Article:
A Grossmont College chemistry professor suggests one of his students may have made scientific history with an “amazingly simple experiment.”
According to San Diego Jewish World, 22-year-old Jeremy D. Nemetz discovered that the higher the gravity, the slower chemicals react with one another.“I am still not believing [the experiment] had not yet been done, but I have found no evidence it has,” the professor, John Oakes, was quoted as saying. “He ran a chemical reaction on the desk top at a given temperature, and then ran the same chemical reaction in a centrifuge at the same temperature, so that the reaction was run at a higher effective ‘gravity.’”
Nemetz found that the reaction reliably slowed as the centripetal acceleration increased, and “the effect seemed to be linear with respect to the acceleration/gravity,” Oakes said.
A sophomore honors student who lives in Santee, Nemetz is hoping to transfer to UC San Diego.
On April 5, he was awarded two certificates by the Honors Transfer Council of California. One is the exemplary achievement award for excellence in the honors program; the other is the outstanding abstract award for having actually discovering something.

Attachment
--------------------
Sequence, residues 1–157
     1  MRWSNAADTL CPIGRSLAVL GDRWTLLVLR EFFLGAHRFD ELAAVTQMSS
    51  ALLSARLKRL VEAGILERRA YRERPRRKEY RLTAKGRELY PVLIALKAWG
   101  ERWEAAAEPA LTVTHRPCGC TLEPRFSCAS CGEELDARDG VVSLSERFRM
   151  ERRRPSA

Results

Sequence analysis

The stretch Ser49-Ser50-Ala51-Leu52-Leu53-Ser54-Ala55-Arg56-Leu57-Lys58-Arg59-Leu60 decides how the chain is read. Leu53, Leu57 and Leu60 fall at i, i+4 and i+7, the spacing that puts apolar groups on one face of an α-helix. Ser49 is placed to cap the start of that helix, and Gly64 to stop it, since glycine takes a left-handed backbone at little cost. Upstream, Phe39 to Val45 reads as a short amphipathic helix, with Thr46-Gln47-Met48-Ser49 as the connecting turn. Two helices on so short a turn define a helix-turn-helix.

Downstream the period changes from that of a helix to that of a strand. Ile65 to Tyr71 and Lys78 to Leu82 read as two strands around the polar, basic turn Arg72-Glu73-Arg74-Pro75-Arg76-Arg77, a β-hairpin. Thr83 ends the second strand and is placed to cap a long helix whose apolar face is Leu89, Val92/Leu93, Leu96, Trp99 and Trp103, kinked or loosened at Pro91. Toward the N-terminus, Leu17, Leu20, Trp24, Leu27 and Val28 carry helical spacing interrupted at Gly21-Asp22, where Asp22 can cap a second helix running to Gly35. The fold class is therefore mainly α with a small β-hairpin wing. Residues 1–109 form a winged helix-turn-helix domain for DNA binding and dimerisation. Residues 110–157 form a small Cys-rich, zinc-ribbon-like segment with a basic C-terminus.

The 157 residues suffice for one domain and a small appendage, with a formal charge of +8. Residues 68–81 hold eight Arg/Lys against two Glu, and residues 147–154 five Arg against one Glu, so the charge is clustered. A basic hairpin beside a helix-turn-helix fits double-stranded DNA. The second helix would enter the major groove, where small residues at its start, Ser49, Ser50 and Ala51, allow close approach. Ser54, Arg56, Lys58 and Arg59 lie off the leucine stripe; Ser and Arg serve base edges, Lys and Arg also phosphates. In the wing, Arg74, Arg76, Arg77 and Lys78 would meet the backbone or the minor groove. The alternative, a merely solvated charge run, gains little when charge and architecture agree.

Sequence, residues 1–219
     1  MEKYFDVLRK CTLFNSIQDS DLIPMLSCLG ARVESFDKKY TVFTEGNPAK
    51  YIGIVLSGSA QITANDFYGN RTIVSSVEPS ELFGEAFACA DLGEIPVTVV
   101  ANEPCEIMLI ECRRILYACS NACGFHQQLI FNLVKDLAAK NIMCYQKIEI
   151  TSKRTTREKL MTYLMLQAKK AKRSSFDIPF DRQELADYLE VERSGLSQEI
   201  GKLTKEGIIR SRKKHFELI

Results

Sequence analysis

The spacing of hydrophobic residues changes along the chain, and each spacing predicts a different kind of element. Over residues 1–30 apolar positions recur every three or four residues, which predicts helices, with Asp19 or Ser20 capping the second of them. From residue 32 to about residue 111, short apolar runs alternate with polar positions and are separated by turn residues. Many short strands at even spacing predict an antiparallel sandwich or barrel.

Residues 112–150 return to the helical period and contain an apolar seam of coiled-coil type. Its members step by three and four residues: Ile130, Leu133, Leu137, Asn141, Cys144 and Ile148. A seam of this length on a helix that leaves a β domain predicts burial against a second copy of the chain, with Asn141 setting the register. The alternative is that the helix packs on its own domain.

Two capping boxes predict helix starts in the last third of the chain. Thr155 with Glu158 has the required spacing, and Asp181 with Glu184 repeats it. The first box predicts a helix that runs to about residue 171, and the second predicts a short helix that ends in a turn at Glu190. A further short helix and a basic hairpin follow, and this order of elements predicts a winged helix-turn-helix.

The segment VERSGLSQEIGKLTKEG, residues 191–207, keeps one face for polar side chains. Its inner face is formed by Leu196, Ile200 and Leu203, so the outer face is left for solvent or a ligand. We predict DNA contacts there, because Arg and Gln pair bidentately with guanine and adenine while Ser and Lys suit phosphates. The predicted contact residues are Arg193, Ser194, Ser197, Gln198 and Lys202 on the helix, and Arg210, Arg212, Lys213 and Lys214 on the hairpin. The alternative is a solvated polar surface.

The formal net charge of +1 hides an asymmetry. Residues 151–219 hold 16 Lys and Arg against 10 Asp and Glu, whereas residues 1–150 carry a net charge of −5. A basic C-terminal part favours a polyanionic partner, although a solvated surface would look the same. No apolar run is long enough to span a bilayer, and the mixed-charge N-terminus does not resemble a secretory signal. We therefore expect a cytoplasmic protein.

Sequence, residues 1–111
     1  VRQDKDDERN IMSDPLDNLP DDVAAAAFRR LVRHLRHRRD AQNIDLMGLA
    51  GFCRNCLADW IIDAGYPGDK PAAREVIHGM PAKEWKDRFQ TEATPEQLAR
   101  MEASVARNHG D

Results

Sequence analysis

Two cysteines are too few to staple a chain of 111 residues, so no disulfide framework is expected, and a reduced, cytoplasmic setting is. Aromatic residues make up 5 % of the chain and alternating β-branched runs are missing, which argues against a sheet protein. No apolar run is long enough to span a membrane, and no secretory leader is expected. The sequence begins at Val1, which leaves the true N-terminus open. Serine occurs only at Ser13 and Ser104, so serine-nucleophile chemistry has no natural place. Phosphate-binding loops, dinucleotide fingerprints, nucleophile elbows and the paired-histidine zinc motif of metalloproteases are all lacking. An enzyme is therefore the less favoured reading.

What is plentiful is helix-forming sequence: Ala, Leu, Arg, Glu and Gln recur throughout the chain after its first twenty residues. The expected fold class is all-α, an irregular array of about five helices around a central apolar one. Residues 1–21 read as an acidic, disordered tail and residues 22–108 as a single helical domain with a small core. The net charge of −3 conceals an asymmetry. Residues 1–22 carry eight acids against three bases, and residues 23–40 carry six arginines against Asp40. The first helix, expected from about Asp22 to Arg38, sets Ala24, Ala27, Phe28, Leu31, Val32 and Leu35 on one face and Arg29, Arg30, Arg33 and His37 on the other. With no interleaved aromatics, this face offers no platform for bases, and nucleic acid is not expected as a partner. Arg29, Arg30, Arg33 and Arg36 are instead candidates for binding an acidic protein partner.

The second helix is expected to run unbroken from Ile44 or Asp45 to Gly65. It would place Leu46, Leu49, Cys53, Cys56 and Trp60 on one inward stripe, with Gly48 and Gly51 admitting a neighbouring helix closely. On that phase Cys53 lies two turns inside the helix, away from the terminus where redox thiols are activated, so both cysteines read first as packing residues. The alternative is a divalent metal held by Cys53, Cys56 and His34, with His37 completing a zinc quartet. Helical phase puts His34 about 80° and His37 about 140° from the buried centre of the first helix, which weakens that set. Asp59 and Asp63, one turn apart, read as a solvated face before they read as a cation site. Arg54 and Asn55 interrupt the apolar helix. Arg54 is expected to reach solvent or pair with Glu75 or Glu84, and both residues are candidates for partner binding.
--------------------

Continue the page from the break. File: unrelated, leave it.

“My discovery is basically that when gravity (or similar force) is applied to an aqueous chemical reaction that its rate of reaction or the measurement of products formed over time is decreased,” Nemetz told San Diego Jewish World. “I believe that the increase of the potential energy of the molecules involved causes in response a decrease in the kinetic energy which results in less movement and less effective collisions of the molecules that result in a reaction.”
Nemetz says he hopes to publish his research, and see if anyone can confirm the results.
“Furthermore, I will be looking to devise equations using known constants that expand the rate equations and Bernoulli’s principle. If these are not divisible and even if they are, I’ll be looking to devising a more exact version of my experiment, such as combining a centrifuge and a spectrometer (spectrofuge) to get a better ratio of rate decrease versus gravity.”
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